example 287 41 4435.62 2310.74 2124.88
1 113 186
2 170 52
3 279 262
4 195 210
5 29 157
Variable # x position y position
1 131 202
How accurate are these numbers? We can use the dual apertures to find out by putting them on areas
with no stars, measuring the inner disc and outer ring averages, taking their differences, and seeing how
much signal we get. Do this for five positions and enter the results in the table below:
Position # X position Y position Average inner
Average outer
From all these measurements, are there any pairs of stars among the five you measured that could be
the same brightness?
Yes__________              or   No___________
If so, which ones?
_____       _____      _____      _____      ______
4.) Well, that took all morning. After lunch, Ms. Leavitt had to go to a meeting with Director Pickering
and left you to look for variable stars on the plates you started with. Go to
First, compare your three non‐varying stars in pairs, to see if they are really constant in comparison with
each other. To do so, move the cursor to center on one of the variable stars and left click, then move the
cursor to another of the stars and left click. The “observations plot” to the upper right shows the
differences in the brightnesses of those two stars for ALL of the epochs when plates were taken.
Compare the three stars in pairs to be sure they are all non‐variable, and if one of them is variable keep
comparing pairs to identify which one and reject it as a reference for brightness.
Good news!!! Ms. Leavitt has compared the reference stars for all the epochs and says that the nights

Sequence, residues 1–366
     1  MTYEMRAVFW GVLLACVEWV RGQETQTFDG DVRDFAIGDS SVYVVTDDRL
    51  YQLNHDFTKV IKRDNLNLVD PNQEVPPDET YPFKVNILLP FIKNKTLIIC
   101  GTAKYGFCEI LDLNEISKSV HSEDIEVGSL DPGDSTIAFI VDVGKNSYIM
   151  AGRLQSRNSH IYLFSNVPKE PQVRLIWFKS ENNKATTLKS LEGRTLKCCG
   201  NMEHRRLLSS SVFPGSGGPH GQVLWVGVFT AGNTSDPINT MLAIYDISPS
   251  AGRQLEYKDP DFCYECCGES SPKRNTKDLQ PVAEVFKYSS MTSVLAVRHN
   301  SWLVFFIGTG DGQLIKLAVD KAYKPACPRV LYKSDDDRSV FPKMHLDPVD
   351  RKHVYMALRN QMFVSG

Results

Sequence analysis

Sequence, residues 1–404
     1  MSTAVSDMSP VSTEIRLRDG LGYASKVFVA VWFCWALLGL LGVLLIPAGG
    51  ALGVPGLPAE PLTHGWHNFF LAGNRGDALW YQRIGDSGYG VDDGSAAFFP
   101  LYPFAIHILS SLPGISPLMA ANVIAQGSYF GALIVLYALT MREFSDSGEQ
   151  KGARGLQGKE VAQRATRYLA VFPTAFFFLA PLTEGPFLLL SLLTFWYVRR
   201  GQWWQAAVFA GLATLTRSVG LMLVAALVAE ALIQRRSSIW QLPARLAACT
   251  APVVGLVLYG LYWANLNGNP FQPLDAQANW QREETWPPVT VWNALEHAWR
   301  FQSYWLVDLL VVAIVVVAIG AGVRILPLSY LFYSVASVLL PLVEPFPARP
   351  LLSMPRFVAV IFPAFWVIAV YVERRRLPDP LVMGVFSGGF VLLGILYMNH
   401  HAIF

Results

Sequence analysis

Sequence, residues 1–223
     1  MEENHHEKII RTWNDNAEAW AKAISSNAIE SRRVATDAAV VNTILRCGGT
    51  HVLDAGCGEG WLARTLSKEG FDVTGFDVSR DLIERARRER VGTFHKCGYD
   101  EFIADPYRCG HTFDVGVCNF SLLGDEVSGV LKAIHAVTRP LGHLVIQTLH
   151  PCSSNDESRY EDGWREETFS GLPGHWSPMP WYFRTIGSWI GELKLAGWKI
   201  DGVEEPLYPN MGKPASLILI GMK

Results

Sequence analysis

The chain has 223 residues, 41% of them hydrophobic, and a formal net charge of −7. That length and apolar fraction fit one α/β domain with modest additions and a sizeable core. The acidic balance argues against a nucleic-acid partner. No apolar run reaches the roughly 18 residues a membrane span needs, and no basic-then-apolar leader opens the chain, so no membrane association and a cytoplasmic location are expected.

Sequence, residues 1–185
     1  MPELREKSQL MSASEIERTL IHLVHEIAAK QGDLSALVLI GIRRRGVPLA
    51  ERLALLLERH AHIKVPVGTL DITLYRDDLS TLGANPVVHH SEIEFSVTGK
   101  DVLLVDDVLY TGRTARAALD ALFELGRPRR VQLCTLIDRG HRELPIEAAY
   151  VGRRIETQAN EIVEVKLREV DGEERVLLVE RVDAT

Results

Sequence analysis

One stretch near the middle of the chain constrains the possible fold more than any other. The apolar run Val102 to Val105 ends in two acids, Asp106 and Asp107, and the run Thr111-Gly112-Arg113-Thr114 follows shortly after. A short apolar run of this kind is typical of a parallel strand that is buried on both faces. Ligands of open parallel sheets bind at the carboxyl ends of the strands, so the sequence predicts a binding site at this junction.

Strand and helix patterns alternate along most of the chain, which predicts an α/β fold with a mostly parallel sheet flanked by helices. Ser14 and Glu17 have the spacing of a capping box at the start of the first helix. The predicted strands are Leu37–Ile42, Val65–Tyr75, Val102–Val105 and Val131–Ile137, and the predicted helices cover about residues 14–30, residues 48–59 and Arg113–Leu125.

were good, except for night 6 when it rained. Oh yes, on night 13 the observer was sick, so no plates
were taken on that night either. But for all the other nights, so long as we measure relative to one of our
non‐varying stars we should have full data.
You can now compare selected variable stars with one of the non‐varying ones. The specific stars can be
identified by coordinates again, using the cursor/crosshairs. You will see the differences in brightness of
your stars over the days of the measurements in the upper right. Use the upper right graph to identify
possible Cepheids ‐ you will need to consult the class notes to see what the variations by a true Cepheid
should be like:      (look for graphs below the photo of
They should vary in brightness smoothly, with periods between about 1.5 and 100 days. For each of the
variable stars you found in Section 2, decide if it looks like a possible Cepheid variable and if it is
estimate the period of its variations. To the lower right, there is a graph that lets you zero in on the best
determined period. There are days along the lower axis, and a graph that should show a dip at the
correct number of days for a periodic star. Slide the triangle until the line below it goes right through the
bottom of the deepest dip. See what is happening to the vertical lines in the upper right graph also; they
mark the periods. To determine accurate periods and get the pattern more exactly, zoom the bottom
plot, and locate a broad low point on the curve which indicates a periodicity. Move the arrow at the top
to put the vertical line right at the low point and read off the period. If you also click on the “phase”
option at the bottom of the “observations plot” and it will fold all the measurements on top of each
other. When you have the arrow at the right place, the observations plot will show all the data in the
variation pattern which can be compared to the pattern in the lecture notes. Enter all this in the table
Remember that the fainter the star, the greater the uncertainty will be in its measurement ‐ the
“observations plot” for faint stars will scatter up and down more than for bright ones, even if they are
not varying.
From the  period‐luminosity relation in the class notes,   (look for the plot below Ms. Leavitt’s
what is the rough luminosity of the Cepheids you found, assuming they are of Type I? Just select the
closest to 3 X 102 Lsun, 103 Lsun, 3 X 103 Lsun, or 104 Lsun. (More blanks may have been provided than are
necessary ‐ there may be less than five Cepheid candidates)
____________             ____________         _______________       _______________